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Set Up a Solo 401(k)

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Sandy Botkin

Co-founder at Taxbot
Sandy is a CPA, Tax Attorney, and former IRS trainer. He has authored many helpful books on the subject of taxes, including 7 Simple Ways to Legally Avoid Paying Taxes ( Click Here ), Lower Your Taxes: Big Time ( Click Here ), and Real Estate Tax Secrets of the Rich ( Click Here ).
Sandy Botkin
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What is a Solo 401K, you ask? Good question. Most people never heard of this. This allows you to put away more money than a typical SEP or other defined contribution plan. Here is the “skinny” on a solo 401K

With a normal defined contribution plan, you can put the lesser of 25% of your wages (or net income if you are self employed) or $56,000. In contrast, an employee participating in a traditional 401K plan can make an elective deferral contribution to the plan with the annual limits and the employer may patch part of the contribution, usually up to a single digit percentage of your salary.

A solo 401(k) offers even more. For 2019, you may defer up to $19,000 of compensation to your account, plus an extra catch-up contribution of $6,000 if you are age 50 or greater. This is the same as with elective deferrals for a normal 401(k). However, here is the kicker: Elective deferrals to a solo 401(k) don’t count towards the 25% cap. So you can combine an employer contribution with an employee contribution for greater savings.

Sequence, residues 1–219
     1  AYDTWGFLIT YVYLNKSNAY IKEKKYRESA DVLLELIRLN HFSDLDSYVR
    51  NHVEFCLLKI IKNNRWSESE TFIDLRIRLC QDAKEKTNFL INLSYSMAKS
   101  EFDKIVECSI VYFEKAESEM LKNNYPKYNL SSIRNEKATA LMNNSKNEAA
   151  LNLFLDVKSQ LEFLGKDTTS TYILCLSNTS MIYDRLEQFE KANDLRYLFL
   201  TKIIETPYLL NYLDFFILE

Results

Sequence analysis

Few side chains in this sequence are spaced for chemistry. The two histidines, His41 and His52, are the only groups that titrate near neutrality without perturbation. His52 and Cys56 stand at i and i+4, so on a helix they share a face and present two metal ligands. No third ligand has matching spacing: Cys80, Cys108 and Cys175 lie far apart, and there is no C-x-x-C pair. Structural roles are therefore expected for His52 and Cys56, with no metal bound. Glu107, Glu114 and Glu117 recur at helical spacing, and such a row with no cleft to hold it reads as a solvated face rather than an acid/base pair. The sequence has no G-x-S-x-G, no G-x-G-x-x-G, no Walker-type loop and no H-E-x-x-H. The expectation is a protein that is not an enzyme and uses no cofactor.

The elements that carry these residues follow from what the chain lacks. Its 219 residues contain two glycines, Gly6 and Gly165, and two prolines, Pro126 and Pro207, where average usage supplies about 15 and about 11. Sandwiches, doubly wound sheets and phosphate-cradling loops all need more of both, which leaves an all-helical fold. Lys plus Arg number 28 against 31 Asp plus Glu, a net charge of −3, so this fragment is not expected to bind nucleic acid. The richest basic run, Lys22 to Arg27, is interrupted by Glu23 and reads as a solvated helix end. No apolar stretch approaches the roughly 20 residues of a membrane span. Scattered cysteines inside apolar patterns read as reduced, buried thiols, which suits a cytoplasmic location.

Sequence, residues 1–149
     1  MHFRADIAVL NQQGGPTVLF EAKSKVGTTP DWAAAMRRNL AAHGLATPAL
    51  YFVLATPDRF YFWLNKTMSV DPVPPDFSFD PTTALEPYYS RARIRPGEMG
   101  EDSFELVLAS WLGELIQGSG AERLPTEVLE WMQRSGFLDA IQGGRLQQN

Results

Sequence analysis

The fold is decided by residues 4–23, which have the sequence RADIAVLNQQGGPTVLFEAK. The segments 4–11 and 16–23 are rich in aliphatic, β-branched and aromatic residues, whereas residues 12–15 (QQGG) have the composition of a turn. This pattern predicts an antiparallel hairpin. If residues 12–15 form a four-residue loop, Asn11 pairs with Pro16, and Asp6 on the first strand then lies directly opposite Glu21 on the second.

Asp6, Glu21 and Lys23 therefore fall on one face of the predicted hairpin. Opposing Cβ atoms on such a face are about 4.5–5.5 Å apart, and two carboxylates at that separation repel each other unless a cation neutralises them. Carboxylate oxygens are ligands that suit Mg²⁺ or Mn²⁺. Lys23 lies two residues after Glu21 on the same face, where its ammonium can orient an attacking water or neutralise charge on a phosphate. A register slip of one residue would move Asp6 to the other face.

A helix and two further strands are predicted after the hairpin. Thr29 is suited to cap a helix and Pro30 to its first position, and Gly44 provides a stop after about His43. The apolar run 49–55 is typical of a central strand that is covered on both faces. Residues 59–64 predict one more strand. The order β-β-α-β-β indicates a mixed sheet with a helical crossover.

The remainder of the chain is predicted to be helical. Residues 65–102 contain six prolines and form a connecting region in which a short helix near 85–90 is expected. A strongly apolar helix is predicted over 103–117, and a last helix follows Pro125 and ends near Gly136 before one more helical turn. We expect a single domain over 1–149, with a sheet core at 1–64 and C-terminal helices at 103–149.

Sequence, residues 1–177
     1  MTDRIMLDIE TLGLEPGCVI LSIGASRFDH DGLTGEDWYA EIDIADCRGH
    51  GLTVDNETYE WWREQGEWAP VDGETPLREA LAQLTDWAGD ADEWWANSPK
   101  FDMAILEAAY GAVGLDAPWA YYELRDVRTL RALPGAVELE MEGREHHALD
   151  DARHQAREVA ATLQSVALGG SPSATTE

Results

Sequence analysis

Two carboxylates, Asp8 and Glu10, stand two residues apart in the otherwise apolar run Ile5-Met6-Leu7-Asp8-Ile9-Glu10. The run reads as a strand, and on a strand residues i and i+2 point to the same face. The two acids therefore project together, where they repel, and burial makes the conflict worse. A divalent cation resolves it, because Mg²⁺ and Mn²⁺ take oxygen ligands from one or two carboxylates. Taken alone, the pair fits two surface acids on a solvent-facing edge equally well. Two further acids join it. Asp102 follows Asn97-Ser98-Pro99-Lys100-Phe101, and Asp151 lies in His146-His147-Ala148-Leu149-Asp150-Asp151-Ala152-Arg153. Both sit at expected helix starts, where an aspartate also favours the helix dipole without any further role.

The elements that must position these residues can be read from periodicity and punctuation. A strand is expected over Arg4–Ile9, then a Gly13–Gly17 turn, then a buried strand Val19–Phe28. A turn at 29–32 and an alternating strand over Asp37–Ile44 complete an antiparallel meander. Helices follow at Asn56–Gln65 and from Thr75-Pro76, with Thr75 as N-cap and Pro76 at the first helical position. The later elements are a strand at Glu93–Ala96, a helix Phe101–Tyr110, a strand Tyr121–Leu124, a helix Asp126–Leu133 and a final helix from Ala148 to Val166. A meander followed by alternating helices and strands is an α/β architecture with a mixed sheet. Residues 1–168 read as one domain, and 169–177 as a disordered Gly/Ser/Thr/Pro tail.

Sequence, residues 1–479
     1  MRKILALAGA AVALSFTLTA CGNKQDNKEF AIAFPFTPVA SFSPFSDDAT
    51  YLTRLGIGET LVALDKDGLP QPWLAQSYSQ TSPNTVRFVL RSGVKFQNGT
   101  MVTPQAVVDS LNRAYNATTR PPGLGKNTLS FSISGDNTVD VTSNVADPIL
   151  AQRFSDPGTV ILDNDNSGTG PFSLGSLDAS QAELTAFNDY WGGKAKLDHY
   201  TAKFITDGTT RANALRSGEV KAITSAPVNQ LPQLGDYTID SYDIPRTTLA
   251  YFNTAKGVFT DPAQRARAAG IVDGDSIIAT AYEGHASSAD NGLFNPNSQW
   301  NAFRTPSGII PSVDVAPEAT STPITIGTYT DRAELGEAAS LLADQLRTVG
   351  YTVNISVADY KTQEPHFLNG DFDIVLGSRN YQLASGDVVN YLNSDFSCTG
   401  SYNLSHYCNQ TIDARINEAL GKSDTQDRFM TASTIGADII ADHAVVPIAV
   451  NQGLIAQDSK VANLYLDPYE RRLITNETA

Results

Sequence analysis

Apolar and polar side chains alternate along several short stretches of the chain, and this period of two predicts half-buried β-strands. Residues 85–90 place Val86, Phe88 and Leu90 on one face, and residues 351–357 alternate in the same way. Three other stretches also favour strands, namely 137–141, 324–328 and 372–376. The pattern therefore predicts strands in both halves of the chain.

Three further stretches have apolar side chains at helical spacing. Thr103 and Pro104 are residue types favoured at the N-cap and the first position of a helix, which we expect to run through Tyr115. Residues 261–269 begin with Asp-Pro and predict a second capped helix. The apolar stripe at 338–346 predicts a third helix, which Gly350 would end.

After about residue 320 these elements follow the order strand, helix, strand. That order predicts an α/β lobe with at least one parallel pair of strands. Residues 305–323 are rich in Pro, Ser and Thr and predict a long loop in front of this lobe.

Let’s take an example:

Let’s say that you are a sole employee of your company and under age 50 and you receive an annual wage of $125,000. The maximum deductible contribution to a SEP would be $31,250, which is the lesser of 25% of your salary or $56,000. If, however, you set up a solo 401(k), you can defer $19,000 to the account in addition to keeping the maximum $31,250, which would be the employer’s contribution. Thus, your total contribution would be in this case $50,250. Moreover, if you are the only employee of the company, you don’t have to worry about making contributions for anyone else. 

Note: If your business isn’t incorporated,such as being self employed, the 25% compensation cap is reduced to 20%. because of the way contributions are calculated for self employed. Thus, if your self employed net income is $125,000, you can stash away $49,000 which includes the $19,000 deferral plus another 20% of net income which is $30,000.

So what’s the catch? There is always some gotcha. First, if your business has any other employees, you may have to cover then under the plan. Secondly, you have to deal with the hassle and cost of running the plan. However, due to the increased number of business getting into managing these plans, such as Fidelity and Smith Barney, the cost of setup is only about $100 and the annual cost of administration is from $50-$250.

Bottom line: Very few people are aware of this new solo 401(k). It can be a great plan for self employed folks such as Realtors and owners of home based businesses and other independent contractors. Please pass it on to your friends and family.


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Sandy Botkin

Sandy is a CPA, Tax Attorney, and former IRS trainer. He has authored many helpful books on the subject of taxes, including 7 Simple Ways to Legally Avoid Paying Taxes ( Click Here ), Lower Your Taxes: Big Time ( Click Here ), and Real Estate Tax Secrets of the Rich ( Click Here ).

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